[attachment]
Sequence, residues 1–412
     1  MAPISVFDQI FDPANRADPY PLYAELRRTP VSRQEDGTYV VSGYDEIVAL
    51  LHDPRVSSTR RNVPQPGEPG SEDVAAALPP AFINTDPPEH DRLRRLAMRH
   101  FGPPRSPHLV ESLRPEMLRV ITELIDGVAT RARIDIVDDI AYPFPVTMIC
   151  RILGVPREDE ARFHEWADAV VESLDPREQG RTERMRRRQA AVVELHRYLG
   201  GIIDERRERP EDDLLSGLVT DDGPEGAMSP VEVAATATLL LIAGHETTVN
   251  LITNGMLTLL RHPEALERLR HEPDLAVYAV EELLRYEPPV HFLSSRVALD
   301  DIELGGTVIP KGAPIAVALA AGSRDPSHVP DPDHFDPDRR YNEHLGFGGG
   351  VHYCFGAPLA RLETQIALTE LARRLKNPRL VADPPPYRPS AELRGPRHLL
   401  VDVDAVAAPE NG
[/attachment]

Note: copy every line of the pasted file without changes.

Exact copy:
Sequence, residues 1–412
     1  MAPISVFDQI FDPANRADPY PLYAELRRTP VSRQEDGTYV VSGYDEIVAL
    51  LHDPRVSSTR RNVPQPGEPG SEDVAAALPP AFINTDPPEH DRLRRLAMRH
   101  FGPPRSPHLV ESLRPEMLRV ITELIDGVAT RARIDIVDDI AYPFPVTMIC
   151  RILGVPREDE ARFHEWADAV VESLDPREQG RTERMRRRQA AVVELHRYLG
   201  GIIDERRERP EDDLLSGLVT DDGPEGAMSP VEVAATATLL LIAGHETTVN
   251  LITNGMLTLL RHPEALERLR HEPDLAVYAV EELLRYEPPV HFLSSRVALD
   301  DIELGGTVIP KGAPIAVALA AGSRDPSHVP DPDHFDPDRR YNEHLGFGGG
   351  VHYCFGAPLA RLETQIALTE LARRLKNPRL VADPPPYRPS AELRGPRHLL
   401  VDVDAVAAPE NG